I am, yet it won’t leave my mind. Or my homepage on Apple News.

    The kids that survived the Valentines Day shooting at the Marjory Stoneman Douglas High School in Florida took their trauma and created a national movement.

    The Covington Christian kids said, “Hold my holier than thou water!” and took their white privilege and created national drama.

    That.

    Won’t.

    Go.

    Away.

    My overwhelming question, every story I read about this, is

    Where the hell were the adults?!?

    High School class trips used to have parent or teacher chaperones.

    I know, back when I was a kid

    Hell, parents used to teach kids to walk away from a fight. Nowadays, I can’t tell if it’s “stand your ground” or “don’t take off your blindfold” on any given day.

    Something tells me the kids have heard “stand your ground” loud and clear and the adults are perfectly happy to put a blindfold on and abdicate their parental responsibilities.

    For instance, we all saw the video of the teen in “the hat” – those friggin’ hats – facing down a Native American easily four times his age. Collectively, most of us lost our shit.

    Sure…there were a few

    <looking at you, Savannah Guthrie>

    But I think seeing the video, the majority of us recognized shitty teenage testosterone fueled cockiness when we saw it. Personally, I saw a tight pic of a teen with a shit eating smirk, a Native American elder playing a drum and a few extras surrounding him.

    I saw what I saw.

    I wanted to end that punk.

    Gosh, lemme see if I can recall what happened next…

    Oh, yeah…his parents hired a connected DC PR firm.

    I’ll tell ya, I was a pretty good kid. My parents sent me to a private catholic high school, too. But still, kids are kids. Puberty is a horrible time for parents.

    If they happen to be present enough to notice their kids and, y’know…parent them.

    For the record, jerk kid or not, the number of times my parents had to hire me a PR firm to undo my jerkiness is 0.

    Zero.

    I think if your kid does something that makes that number anything higher than zero, he doesn’t get the luxury of deflecting the blame.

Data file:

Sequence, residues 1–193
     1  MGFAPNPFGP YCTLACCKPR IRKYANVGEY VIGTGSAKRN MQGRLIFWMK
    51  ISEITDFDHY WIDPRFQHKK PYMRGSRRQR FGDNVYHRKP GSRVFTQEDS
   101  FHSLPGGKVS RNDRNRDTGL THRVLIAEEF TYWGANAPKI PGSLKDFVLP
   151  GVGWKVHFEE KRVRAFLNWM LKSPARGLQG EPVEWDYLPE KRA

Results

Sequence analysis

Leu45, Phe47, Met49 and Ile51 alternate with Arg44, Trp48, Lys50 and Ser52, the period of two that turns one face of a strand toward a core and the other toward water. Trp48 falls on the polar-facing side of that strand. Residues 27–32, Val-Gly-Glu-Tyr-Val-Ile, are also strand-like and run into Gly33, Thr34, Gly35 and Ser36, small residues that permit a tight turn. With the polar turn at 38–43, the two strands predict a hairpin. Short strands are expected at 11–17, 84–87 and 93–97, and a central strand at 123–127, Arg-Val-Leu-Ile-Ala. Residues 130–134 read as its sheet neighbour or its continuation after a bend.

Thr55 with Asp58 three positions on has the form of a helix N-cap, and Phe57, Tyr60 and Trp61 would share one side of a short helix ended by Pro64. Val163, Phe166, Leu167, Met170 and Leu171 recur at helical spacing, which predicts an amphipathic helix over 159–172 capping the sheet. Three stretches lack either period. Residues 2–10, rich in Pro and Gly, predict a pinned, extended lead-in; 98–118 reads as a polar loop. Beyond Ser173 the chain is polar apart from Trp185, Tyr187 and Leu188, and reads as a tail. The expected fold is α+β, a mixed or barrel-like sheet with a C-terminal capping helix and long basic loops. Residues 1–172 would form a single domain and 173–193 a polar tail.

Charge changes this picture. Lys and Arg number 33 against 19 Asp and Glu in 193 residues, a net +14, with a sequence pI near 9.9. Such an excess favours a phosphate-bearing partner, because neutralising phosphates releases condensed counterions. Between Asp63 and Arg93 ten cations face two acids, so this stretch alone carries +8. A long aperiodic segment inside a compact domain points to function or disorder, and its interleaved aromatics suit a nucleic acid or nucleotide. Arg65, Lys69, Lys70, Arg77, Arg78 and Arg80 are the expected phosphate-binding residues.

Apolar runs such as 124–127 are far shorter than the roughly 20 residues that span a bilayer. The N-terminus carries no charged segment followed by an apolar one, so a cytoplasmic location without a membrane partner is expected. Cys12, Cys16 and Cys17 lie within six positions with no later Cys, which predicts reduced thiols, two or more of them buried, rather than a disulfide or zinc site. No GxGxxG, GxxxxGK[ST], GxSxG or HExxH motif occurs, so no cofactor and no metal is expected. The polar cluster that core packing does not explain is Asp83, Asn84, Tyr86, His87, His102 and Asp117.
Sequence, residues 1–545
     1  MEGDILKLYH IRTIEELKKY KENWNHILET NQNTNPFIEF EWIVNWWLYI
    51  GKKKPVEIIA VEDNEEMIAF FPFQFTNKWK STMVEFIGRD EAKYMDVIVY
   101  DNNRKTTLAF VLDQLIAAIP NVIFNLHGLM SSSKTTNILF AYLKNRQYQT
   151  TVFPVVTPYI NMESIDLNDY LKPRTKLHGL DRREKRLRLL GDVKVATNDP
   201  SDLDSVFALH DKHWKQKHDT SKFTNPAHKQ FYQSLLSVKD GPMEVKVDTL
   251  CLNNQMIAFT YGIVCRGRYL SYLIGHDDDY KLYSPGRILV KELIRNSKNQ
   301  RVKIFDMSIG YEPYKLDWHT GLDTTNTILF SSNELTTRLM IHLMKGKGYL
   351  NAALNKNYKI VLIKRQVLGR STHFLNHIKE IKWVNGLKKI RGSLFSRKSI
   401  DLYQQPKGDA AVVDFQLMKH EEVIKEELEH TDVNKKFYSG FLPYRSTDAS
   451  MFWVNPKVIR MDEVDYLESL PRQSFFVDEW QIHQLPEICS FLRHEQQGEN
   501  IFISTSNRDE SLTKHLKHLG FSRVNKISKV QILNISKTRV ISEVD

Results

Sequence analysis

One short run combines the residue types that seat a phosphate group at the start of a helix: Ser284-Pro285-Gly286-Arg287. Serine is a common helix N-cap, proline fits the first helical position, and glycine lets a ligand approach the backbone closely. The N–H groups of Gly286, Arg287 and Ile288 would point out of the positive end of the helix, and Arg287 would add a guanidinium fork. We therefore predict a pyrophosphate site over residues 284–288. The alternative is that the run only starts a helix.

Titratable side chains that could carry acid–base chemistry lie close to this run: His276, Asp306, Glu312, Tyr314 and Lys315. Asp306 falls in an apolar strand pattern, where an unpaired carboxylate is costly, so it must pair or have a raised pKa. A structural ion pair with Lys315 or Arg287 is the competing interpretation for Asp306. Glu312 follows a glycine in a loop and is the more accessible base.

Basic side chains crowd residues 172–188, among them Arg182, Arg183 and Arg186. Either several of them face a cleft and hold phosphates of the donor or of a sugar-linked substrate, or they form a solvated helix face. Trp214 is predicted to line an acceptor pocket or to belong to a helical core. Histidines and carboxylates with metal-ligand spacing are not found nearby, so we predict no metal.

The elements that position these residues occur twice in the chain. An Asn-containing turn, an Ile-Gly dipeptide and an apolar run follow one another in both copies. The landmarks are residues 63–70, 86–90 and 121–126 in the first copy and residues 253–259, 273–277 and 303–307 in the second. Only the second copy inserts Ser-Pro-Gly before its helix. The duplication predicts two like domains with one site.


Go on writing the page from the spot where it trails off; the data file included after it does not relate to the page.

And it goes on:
Shockingly, the PR firm managed to paint the kid as a victim. We haven’t seen the whole thing, they say. A three minute video isn’t the whole story, they say.

    There were black people!

    Quick!

    Phew.

    It worked.

    Mainstream media – print and network – were walking back their criticism of the situation. Celebrities that jumped into the conversation were suddenly tweeting their mea culpas.

    A lot of them admit to not having watched the entire video, just the three minute one.

    New information has come to light…

    So I watched one of these new videos.

    I was horrified.

    Oh, those black guys.

    Sure, they were adults yelling at passers by in the area. They were members of an extremist black religious group. Probably about the same to the rest of the black community as what the KKK is to white people.

    There was maybe a half dozen of them.

    In contrast, these Native Americans had maybe a half dozen peaceful protesters in roughly the same area.

    Black extremists.

    Native American peaceful protesters.

    And then, the MAGA Teens.

    In watching one of the “entire videos” I came away absolutely baffled.

    There must have been 150 of them.

    At least.

    And they were little dicks.

    Take away the blacks and Native Americans – that they far outnumbered, did I mention that? – and these white kids were still little shits.

    Why?

    Because when you look at the entire video, you get a bigger picture of their other offense: harassing women.

    It’s not rape if you enjoy it!

    Really?

    Who decides that the rape was enjoyed?

    I’m guessing it was the rapist, in their opinion. Certainly not the victim. That’s just a guess on my part since the school field trip they were on was to attend the Right to Life March…y’know, the anti-choice march?

    Yeah. A catholic school bused its all-white-boy student body to DC to march against women’s rights and then allowed them to harass women and Native Americans while maybe mildly annoying some militant blacks by yelling louder than them.

    And the white kids are the victims.

    Yeah…those poor kids and their moral spinners.

    Personally, I still think it would have been nice to see an adult or two in the crowd.

    Parent.

    Teacher.

    The US Park Police. Oh, wait…they’re shut down.

    Hey, speaking of shut downs…you know what we should probably shut down? The tax exempt status of Covington Christian High School and any church they are affiliated with. I couldn’t check to see if they were listed as a 501(c)(3) organization or not since the school shut down all of its social media and websites and advised its student body to do the same.

    Hiding much?

    I don’t know why I’m so annoyed by this, but I sure am. At least after Charlottesville, we got a “There’s bad people on both sides” from the White House. Now, these snot nosed brats might get – I heard they did, but haven’t verified that – an invitation to the WH. Maybe il Cheeto will send out for more hamberders.